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Professor Angus Carlyle

Professor of Sound Arts Practice/Sound Landscape
London College of Communication
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Researcher Research
Angus  Carlyle


Angus Carlyle has an educational background within the humanities, studying law as an undergraduate, earning a masters in political theory, focusing his doctorate on the conditions of vocalised political exchange.

His subsequent theoretical trajectories engaged with cyberculture, photography and architecture then shifted towards its current pre-occupation with the sensory inhabitations of environments and their representations, with a particular emphasis on sound. A significant dimension of this exploration has been conducted through such creative practices as experimental textual production and field recording, with the texts and recordings contributing to collaborative and solitary projects.

For over a decade, he has worked with anthropologist Rupert Cox, co-creating films, installations and compositions – alongside academic texts - that seek to address the sonic experiences of living under civilian and military flight paths in situations where the echoes of history are palpable.

Grants and awards

(Figures indicate amount awarded to UAL)

  • Engineering and Physical Sciences Research Council, The Positive Soundscape Project: A re-evaluation of environmental sound

Research Outputs

Art/Design item



Conference, Symposium or Workshop item




Current research students

  • Daniel Beck, The Postatomic Ear: A practice-based study of sound and atmospheric effects in the Nuclear Age. (Lead supervisor)
  • Russell Bestley, "If You're Going to Reminisce, Then You Need to Do It Properly": Punk Rock and Graphic Design in the Faraway Towns, 1977-1984. (Lead supervisor)
  • John Boursnell, The Unsound Object and Intimate Space, Norwich University of the Arts. (Lead supervisor)
  • Katherine Carr, Sound as a means of re-imagining contested sites (Joint supervisor)
  • Kate Fahey, Conversations with Operational Images (Joint supervisor)
  • Iris Garrelfs, From inputs to outputs: an Investigation of Process in Sound Art Practice. (Lead supervisor)
  • Jonathan Gilmurray, Ecoacoustics: Ecology and Environmentalism in Contemporary Music and Sound Art. (Lead supervisor)
  • Margaret Hall, Radio after Radio: Redefining radio art in the light of new media technology through expanded practice. (Lead supervisor)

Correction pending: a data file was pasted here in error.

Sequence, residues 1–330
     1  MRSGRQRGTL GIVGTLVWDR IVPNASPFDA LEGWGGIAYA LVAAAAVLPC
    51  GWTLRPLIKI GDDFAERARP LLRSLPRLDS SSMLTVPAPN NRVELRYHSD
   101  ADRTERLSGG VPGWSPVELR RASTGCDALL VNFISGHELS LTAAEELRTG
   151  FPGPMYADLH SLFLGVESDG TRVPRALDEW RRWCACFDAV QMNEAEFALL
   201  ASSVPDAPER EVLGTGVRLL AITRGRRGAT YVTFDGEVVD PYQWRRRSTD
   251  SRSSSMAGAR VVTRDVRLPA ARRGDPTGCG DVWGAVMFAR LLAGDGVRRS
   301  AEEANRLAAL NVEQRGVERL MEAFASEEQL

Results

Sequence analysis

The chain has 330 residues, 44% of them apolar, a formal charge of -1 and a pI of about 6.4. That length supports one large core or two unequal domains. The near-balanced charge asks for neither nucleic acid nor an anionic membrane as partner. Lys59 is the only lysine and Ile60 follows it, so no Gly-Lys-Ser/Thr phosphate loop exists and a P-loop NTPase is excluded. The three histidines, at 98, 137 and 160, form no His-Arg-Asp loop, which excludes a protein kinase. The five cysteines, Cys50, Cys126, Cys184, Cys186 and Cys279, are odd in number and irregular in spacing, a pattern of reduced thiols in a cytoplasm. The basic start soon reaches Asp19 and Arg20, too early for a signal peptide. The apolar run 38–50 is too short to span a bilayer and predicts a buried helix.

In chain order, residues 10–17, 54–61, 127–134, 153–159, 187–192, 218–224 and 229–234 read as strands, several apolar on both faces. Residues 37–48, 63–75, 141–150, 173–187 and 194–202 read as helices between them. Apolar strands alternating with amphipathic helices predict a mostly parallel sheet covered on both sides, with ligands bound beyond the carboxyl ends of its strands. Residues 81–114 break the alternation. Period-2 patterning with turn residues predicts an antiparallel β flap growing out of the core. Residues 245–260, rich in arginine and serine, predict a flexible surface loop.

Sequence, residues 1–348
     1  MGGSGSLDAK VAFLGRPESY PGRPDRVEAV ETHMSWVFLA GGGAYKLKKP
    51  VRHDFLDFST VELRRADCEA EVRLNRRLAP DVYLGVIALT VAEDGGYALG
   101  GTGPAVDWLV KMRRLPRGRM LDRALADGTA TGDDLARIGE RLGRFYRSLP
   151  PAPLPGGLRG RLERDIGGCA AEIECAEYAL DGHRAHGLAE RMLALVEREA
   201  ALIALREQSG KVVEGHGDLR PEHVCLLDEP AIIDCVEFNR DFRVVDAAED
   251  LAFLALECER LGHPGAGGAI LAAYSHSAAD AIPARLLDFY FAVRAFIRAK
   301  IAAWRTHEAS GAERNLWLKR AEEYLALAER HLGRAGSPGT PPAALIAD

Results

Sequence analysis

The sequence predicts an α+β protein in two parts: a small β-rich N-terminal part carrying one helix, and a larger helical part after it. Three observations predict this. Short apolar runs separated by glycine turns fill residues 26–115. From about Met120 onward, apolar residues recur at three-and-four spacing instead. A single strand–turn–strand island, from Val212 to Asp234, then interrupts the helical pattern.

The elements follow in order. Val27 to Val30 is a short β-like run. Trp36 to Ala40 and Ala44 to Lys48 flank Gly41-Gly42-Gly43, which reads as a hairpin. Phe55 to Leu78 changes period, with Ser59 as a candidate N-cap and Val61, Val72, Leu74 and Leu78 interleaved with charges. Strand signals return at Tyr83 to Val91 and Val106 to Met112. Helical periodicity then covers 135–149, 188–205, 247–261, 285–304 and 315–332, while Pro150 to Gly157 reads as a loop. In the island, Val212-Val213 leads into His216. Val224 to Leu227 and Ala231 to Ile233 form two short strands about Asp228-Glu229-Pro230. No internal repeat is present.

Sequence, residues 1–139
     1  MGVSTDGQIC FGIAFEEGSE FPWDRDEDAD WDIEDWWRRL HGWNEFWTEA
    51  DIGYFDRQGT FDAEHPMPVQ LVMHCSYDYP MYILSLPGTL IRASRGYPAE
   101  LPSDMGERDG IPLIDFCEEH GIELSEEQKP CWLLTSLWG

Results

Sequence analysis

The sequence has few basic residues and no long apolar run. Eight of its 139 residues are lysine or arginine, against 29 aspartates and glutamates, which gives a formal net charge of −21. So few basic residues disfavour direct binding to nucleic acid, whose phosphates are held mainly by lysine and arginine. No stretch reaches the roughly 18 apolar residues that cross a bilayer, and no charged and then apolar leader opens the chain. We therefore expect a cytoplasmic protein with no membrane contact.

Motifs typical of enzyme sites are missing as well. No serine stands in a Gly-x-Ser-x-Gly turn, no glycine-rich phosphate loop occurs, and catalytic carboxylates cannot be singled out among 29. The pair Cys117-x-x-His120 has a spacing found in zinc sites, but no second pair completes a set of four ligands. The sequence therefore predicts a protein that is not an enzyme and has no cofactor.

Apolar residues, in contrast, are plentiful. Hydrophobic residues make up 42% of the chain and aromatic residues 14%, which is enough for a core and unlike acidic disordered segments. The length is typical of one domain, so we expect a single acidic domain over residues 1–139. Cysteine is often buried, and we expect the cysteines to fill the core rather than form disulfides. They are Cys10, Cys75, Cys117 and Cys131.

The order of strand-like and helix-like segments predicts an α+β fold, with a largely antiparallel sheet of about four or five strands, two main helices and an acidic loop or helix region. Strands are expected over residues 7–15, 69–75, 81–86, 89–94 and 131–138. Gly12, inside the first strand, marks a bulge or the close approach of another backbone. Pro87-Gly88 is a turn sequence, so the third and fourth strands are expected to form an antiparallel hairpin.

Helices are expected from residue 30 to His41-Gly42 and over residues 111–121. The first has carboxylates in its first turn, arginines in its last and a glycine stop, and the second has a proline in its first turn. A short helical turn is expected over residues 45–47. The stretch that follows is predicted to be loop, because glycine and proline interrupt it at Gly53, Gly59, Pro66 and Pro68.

• Hilary Kenna, A Practice-led Study of Design Principles for Screen Typography - with reference to the teachings of Emil Ruder. (Lead supervisor)
  • Katherine MacBride, Empathic Listening/Radical Listening: learning from feminist and decolonial contemporary arts practices through artistic research. (Lead supervisor)
  • Jackson Mark, Nothing Short of Complete Liberation: the Burroughsian Ideal of Space as Curatorial Strategy in Audial Art. (Lead supervisor)
  • Robert Mullender, Silent Light, Luminous Noise - Photophonics, Machines and the Senses. (Lead supervisor)
  • Matthew Parker, Composing Digital Materiality: A Sonic Archive Practice. (Lead supervisor)
  • Simon Robinson, Archipelagos of Interstitial Ground: Investigating edgelands in the UK through photographic practice. (Lead supervisor)
  • Daniel Scott, The listening Artist: How can Multiple Listening Strategies inform Contemporary Sound Art Practice. (Lead supervisor)
  • Peter Sinclair, Using Real Time Data Flux in Art. The mediation of a situation as it unfolds: RoadMusic, an experimental case study. (Lead supervisor)
  • Timothy Smith, ‘Haptic Aurality and the Queering of Memory: Subversive Methods in Audiovisual Practice’ (Lead supervisor)
  • Tansy Spinks, Associating Places: Strategies for Live, Site Specific, Sound Art Performance. (Lead supervisor)
  • Axel Stockburger, The Rendered Arena: Modalities of Space in Video and Computer Games. (Lead supervisor)
  • Jonathan Taylor, Immersion: A dynamic digital environment for creative interaction with archival sound art material. (Lead supervisor)
  • Mark Wright, Contact Zones and Elsewhere Fields: The Poetics and Politics of Environmental Sound Arts. (Lead supervisor)

Past research students

  • Jennifer Allan, Fog Tropes: A cultural and social history of the foghorn, 1853 to the present day. (Lead supervisor)